Fig. 1

Recording sites and prevalence of findings. (1 and 2) Between the spine and the medial border of the scapula at the level of T4–T5; (3 and 4) at the middle point between the spine and the mid-axillary line at the level of T9–T10; (5 and 6) at the intersection of the mid-clavicular line and second intercostal space. Cr = crackles, Wh = wheezes, Insp = inspiratory, Exp = expiratory

We obtained audio files in “.wav” format at a sample rate of 44,100 Hz and 16-bit depth in a single (monophonic) channel. We did not implement audio filters or other digital pre or post-processing techniques.

Classification of the recordings

The classification process consisted of three steps.

At the first step, two observers independently listened to all the recordings with a headset and simultaneously viewed the sound spectrograms using Adobe Audition 5.0 (Adobe Systems, San Jose, CA, USA). J.C.A. was observer 1 and either R.E., A.D. or C.J. were observer 2. They evaluated if the recording contained wheezes (including rhonchi), crackles or other ALS and whether these were heard in inspiration or expiration. They entered their findings in an electronic form (Access, Microsoft Corporation, Redmond WA, USA) and registered if artefactual noise made the classification difficult. The observers could listen to the recordings with freedom to stop or repeat parts or the whole recording if necessary. They were blinded to any information about the participant. Agreement and kappa statistics were calculated accounting for the clustered structure of the data using the R package “magree”. [27].

At the second step, all disagreements were evaluated with the two initial observers and a third experienced observer (H.M.). The three observers listened to the sounds and solved disagreements through consensus. If consensus was difficult to reach at this point, the sounds were submitted for classification at the third step.

At the third step, all recordings classified as containing ALS were re-classified by two pairs of observers consisting of one junior (J.C.A. and C.J.) and senior (H.P. and H.M.) lung sound researcher each. These observers had the possibility to mark the findings as “certain”, “possible” or “absent”. A finding was changed into absent when wheezes or crackles were marked as “absent” or “possible” by both observers. Findings classified as “present” by one observer and “absent” by the other were discussed in a face-to-face meeting with all the four observers. Agreement between at least three out of four observers was required to classify an ALS as “present”. At the same session, difficult sounds from step two and sounds categorized as “other sounds” were classified.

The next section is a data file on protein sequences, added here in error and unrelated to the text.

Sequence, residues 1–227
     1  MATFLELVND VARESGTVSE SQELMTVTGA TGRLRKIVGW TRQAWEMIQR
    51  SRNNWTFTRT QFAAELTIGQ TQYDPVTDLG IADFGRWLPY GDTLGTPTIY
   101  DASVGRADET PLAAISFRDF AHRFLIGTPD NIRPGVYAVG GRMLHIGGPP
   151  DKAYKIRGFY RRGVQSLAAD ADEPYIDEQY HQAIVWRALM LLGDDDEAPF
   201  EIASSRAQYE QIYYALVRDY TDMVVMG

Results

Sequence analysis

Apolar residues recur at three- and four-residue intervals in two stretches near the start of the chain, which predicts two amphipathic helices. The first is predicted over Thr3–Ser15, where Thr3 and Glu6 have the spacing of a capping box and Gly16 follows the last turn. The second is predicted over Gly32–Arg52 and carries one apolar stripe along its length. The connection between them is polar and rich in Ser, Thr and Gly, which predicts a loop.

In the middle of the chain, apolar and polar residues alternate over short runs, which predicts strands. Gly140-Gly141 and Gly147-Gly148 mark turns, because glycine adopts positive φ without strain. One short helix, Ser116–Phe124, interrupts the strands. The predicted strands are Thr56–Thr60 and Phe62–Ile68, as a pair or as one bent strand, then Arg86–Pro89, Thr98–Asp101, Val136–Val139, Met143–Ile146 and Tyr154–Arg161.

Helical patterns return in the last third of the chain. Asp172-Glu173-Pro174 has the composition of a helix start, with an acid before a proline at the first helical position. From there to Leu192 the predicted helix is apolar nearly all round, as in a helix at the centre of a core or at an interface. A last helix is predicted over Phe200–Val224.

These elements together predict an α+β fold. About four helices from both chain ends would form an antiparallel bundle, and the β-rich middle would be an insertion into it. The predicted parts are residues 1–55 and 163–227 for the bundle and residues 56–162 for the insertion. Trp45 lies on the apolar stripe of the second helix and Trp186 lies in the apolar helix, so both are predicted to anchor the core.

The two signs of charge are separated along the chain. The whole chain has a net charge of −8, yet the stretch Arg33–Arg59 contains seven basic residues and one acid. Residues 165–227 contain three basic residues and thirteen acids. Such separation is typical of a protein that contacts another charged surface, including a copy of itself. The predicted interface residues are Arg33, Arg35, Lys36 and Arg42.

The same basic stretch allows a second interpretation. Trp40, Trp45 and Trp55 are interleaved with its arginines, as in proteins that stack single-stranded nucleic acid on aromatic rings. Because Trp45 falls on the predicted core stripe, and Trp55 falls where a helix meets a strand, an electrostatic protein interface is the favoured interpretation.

All observers performed an audiometry at the time of involvement in the project. All observers had normal hearing.

Statistical methods

We calculated age-standardized prevalence of wheezes and crackles in men and women using the population distribution from the municipality of Tromsø per January 2018 [28]. The ALS were divided into three categories: wheezes and no crackles, crackles and no wheezes, and both wheezes and crackles, irrespective of respiratory phase. We calculated prevalence by participant characteristics and used linear models to explore statistically significant differences among the groups. Tukey’s procedure was used to account for multiple testing. The continuous variables were dichotomized with cutoff values for age ≥ 65 years, for oxygen saturation ≤ 95% [29], mMRC score ≥ 2 [30], Body Mass Index (BMI) ≥30 (obesity threshold) and FEV1 below the lower limit of normal (LLN), according to the Global Lung Initiative reference [26].

We used univariable logistic regression to study wheezes and crackles in relation to the variables of interest. In this analysis, wheezes were counted as present also when accompanied by crackles and vice versa. The following outcome variables were considered separately: (1) any wheeze, (2) wheezes only during the inspiratory phase, (3) wheezes during the expiratory phase and (4) wheezes during the expiratory phase at two or more recording sites. For crackles, the outcomes were (1) any crackle, (2) inspiratory crackles, (3) inspiratory crackles at two or more locations, (4) only expiratory crackles. The categorical variables of FEV1 < LLN and SpO2 ≤ 95% were substituted by continuous data (FEV1 Z-score and SpO2%) to avoid loss of information. We divided age per decades and kept it as a continuous variable. The variables of self-reported disease were dichotomized as present (which included both present or past diagnosis) and absent (never diagnosed).